The Center for Global Understanding and Peacemaking recently cosponsored an event named ‘Kay Pranis – Training for Using Restorative Circles with Young People.’ The event took place from Thursday, Sept. 22 through Saturday, Sept. 24 from 9 a.m. to 5 p.m. each day.
According to livingjusticepress.org, “Kay Pranis is a national leader in restorative justice, specializing in peacemaking Circles. She served as the Restorative Justice Planner for the Minnesota Department of Corrections from 1994 to 2003….Since 1998, Kay has conducted Circle trainings in a diverse range of communities – from schools to prisons to workplaces to churches, from rural farm towns in Minnesota to Chicago’s South Side.”
Pranis facilitated the training throughout the event. Those who attended the training participated in a restorative circle of sorts Thursday and Friday in order to better understand the process. Then on Saturday they moved away from the actual circle setting to learn to conceptualize the process.
Multiple models of circles were taught as well as multiple uses such as the use of circles for celebration and recognizing of achievement versus just to resolve a conflict.
“The peacemaking circle is a dialog process useful for increasing understanding among different perspectives and for creating effective solutions to long-standing issues of conflict or disconnection,” the event information said.
These circles consist of a group of people sitting in a circle and discussing and resolving issues. There is a moderator who helps to facilitate conversation and ensure the conversation remain relatively civil.
Each circle has an object called a ‘talking piece’ which can be any small object – often a stick of some sort – that allows the person holding it to talk, specifically it allows them to share their feelings on the issue being discussed. The talking piece helps to regulate the conversation and prevents it from falling into chaos.
According to Jonathon Rudy, peacemaker-in-residence at Elizabethtown College, the restorative circle models that the training is based upon stem from traditional circles used by Native Americans throughout their history.
“I think, First Peoples have a real intrinsic sense of this. This way to restore persons who have harmed the community in some way,” Rudy said.
Three members of the Etown community participated in the training: Director of International Student Services Kristi Syrdahl, Area Coordinator of the Dell community Cody Miller and Director of Student Rights and Responsibilities Susan Asbury.
“I’ve been interested this academic year in looking into additional resolution pathways for resolving issues, particularly when there is some interpersonal issues going on as well,” Asbury stated.
“I was interested in attending this workshop in order to kind of garner information that maybe we would be able to use to facilitate different methodologies when working with students.”
Miller spoke about the possibility to use these circles to encourage a sense of community within dorm settings and among the general College community. He also mentioned the potential to use this training in situations such as interpersonal conflict, roommate agreements and anytime an incident occurs that students may feel hurt or impacted them.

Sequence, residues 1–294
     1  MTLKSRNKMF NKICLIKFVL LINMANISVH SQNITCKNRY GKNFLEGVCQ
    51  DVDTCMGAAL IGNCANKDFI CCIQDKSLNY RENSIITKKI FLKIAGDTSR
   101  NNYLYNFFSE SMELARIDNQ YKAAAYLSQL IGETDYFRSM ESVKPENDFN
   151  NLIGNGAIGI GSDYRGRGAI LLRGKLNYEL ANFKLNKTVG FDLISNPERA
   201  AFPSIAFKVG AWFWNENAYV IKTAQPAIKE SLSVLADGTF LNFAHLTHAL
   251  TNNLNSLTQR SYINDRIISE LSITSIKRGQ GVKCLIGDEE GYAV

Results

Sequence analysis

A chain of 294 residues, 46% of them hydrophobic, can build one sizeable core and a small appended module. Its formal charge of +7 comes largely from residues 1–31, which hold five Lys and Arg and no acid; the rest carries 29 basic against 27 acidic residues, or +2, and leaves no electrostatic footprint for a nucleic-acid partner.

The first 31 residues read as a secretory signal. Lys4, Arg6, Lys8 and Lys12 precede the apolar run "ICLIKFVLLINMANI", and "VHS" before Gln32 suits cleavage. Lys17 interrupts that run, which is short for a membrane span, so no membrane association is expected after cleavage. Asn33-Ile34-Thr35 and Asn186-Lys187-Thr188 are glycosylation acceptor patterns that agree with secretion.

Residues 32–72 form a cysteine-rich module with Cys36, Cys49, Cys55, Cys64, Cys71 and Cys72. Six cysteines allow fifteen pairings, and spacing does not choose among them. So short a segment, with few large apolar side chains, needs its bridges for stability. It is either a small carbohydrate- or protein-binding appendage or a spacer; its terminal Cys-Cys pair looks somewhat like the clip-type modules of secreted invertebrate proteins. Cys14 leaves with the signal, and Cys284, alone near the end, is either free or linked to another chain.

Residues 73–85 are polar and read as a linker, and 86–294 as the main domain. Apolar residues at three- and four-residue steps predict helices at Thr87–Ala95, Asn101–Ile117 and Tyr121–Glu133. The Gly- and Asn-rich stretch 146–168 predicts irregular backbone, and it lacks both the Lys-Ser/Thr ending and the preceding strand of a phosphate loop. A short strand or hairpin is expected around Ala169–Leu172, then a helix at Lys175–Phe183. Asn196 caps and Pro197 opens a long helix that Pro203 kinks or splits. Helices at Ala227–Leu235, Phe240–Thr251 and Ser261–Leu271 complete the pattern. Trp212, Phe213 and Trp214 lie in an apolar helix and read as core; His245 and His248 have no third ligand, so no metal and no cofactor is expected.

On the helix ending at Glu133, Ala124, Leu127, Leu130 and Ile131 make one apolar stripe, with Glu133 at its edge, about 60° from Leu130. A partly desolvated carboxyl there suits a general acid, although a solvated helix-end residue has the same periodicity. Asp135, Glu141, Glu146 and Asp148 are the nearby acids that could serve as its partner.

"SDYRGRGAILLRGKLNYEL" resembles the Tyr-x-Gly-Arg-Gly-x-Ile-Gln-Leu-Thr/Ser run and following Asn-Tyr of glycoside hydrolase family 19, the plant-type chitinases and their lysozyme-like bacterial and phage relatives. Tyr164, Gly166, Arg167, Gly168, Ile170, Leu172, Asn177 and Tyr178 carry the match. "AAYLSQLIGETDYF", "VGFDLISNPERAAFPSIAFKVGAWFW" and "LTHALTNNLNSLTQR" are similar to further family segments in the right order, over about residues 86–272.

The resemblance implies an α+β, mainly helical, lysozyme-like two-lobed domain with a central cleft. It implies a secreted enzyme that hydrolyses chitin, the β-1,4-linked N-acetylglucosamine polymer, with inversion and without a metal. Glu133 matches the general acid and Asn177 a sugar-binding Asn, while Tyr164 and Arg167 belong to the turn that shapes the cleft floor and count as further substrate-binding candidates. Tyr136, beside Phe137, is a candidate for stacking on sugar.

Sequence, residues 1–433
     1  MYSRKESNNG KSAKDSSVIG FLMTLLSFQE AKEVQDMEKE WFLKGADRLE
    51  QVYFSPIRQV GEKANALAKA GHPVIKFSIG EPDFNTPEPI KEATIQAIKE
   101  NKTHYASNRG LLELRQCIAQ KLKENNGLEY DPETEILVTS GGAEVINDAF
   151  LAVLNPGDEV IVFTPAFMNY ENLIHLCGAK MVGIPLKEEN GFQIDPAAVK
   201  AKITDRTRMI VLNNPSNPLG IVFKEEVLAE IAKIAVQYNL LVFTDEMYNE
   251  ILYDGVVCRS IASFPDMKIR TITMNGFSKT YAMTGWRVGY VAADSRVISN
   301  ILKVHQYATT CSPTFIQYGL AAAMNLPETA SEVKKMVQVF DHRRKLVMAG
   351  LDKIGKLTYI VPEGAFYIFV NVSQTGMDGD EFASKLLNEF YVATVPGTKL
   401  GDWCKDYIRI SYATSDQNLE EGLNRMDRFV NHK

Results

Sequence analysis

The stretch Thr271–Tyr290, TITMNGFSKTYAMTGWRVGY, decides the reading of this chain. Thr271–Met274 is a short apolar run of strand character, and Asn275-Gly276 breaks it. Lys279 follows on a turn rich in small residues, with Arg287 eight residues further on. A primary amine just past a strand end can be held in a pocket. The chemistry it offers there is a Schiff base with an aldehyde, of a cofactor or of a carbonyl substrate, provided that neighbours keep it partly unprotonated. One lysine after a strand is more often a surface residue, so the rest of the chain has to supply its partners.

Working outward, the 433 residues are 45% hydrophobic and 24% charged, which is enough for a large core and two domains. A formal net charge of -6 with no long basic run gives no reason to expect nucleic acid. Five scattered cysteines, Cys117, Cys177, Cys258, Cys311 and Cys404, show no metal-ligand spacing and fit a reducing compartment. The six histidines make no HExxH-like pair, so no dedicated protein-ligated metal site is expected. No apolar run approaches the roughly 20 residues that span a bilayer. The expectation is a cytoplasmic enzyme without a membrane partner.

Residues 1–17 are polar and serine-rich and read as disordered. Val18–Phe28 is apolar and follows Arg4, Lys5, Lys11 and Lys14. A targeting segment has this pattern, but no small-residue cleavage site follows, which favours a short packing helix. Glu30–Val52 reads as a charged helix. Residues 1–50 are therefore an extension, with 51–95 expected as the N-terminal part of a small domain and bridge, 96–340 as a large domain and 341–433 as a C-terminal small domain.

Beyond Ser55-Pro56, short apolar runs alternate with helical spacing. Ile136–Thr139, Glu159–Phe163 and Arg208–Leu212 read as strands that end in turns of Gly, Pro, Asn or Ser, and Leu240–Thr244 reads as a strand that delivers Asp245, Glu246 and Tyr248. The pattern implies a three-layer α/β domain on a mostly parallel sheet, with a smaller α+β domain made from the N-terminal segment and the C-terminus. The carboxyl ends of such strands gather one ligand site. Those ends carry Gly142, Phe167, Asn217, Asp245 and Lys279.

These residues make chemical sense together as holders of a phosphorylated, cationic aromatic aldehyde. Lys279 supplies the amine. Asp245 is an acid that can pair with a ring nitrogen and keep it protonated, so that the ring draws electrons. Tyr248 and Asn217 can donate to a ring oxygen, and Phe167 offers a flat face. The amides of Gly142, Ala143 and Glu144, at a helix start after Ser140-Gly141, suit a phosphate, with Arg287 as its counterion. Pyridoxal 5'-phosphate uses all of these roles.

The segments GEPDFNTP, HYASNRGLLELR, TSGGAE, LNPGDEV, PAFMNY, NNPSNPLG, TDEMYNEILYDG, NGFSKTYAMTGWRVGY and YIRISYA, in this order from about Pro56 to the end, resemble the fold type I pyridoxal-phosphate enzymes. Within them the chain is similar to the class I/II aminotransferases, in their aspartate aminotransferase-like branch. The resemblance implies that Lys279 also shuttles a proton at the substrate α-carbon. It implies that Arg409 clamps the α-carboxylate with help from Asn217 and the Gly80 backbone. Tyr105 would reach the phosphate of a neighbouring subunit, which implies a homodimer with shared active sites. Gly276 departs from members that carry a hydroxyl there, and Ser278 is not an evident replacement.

The circles – traditionally – can vary in size and length of time spent discussing. Sometimes circles can be very short – potentially less than an hour – other times circles can disband and reconvene about the same issue for years.
In a college setting such as Etown, it is not feasible to assume a circle can last for years – or even weeks – so if this practice is implemented, it will need to be modified, something of which the trainees are conscious.
“I’ve been thinking about ways to allow the process to be full and complete but also to fit within the amount of time that students would be available,” Miller said.
This event was cosponsored by the Center for Global Understanding and Peacemaking and the Center for Community Peacemaking in Lancaster. This allowed the event to be open to community members from various fields including education, restorative justice workers and various others who work in fields where conflict reconciliation is often necessary.
“We want the College to be seen as a center of peacemaking activity, not just for our students and faculty but also for the larger community. We want to be seen as providing opportunities and expertise in this regard,” Director of the Center for Global Understanding and Peacemaking David Kenley stated.
Kenley specifically discussed the importance of this training in situations in which something hateful has been said or spread in some way and has created an atmosphere not conducive to learning and interacting.
“[This training allows us] to see how we might be able to make an offended individual feel like there has been some element of justice and fairness and that their concerns have been heard, and give the person who may be responsible for the offense the chance to see things from a new set of eyes and hopefully work on some restoration and some harmonious feelings,” he said.